WR technical director Vincent Soulignac said: "We have agreed with the ACO that this should be a two-year programme.

"Today it became possible to achieve our goals because now we can start talking to partners."

WR is developing the 1.6-litre turbocharged engine, which is hopes to attain 500bhp.

The biomethane-powered Garage 56 racer will be a conventional LMP design and be refuelled like any other car.

Its agreement with the ACO means it has to be displayed at next year's 24 Hours and should begin testing immediately afterwards.

shares
comments
New rules to significantly boost GTE and LMP2 pace at Le Mans
Previous article

New rules to significantly boost GTE and LMP2 pace at Le Mans

Next article

Porsche believes it can go even faster in Le Mans qualifying

Porsche believes it can go even faster in Le Mans qualifying
Why the WEC should make space for modern garagistes in 2023 Plus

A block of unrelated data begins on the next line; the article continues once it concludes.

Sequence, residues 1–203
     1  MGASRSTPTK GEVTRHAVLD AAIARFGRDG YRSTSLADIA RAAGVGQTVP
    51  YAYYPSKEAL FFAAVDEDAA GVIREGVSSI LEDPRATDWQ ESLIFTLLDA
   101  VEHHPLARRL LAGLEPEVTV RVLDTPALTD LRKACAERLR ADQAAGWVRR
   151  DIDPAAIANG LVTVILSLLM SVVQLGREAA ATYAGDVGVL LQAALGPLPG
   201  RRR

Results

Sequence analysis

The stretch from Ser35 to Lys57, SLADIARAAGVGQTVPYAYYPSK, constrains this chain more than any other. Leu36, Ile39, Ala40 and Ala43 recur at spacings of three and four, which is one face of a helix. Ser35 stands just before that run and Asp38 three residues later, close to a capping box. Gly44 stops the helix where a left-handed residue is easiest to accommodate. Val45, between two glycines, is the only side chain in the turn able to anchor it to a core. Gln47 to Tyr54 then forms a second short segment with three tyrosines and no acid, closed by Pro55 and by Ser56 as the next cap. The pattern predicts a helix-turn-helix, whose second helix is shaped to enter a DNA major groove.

Why the WEC should make space for modern garagistes in 2023

OPINION: There is plenty of excitement over the glut of manufacturers tackling the Hypercar class of the World Endurance Championship this season. The selection committee is set to face headaches over who it decides to admit and who gets turned away from the 2023 entry list, but history tells us that the smaller entrants have a place

WEC
Jan 9, 2023
Autosport writers' most memorable moments of 2022 Plus

Autosport writers' most memorable moments of 2022

The season just gone was a memorable one for many of our staff writers, who are fortunate enough to cover motorsport around the world. Here are our picks of the best (and in some cases, most eventful) from 2022

Formula 1
Dec 31, 2022
Is Qatar the price motorsport fans have to pay? Plus

Is Qatar the price motorsport fans have to pay?

OPINION: Fresh from hosting a controversial 2022 football World Cup, Qatar has added its name to the 2024 World Endurance Championship calendar. Although questions may be asked about its presence on the calendar, is it simply the price to pay for having a healthy racing championship?

WEC
Dec 21, 2022
How Toyota defeated Alpine for the 2022 WEC title Plus